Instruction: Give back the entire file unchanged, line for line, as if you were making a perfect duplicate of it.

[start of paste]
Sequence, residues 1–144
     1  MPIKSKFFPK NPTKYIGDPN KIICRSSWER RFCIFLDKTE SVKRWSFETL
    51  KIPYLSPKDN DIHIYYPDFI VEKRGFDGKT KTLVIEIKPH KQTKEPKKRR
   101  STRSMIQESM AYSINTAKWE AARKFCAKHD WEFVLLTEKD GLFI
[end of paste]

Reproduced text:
Sequence, residues 1–144
     1  MPIKSKFFPK NPTKYIGDPN KIICRSSWER RFCIFLDKTE SVKRWSFETL
    51  KIPYLSPKDN DIHIYYPDFI VEKRGFDGKT KTLVIEIKPH KQTKEPKKRR
   101  STRSMIQESM AYSINTAKWE AARKFCAKHD WEFVLLTEKD GLFI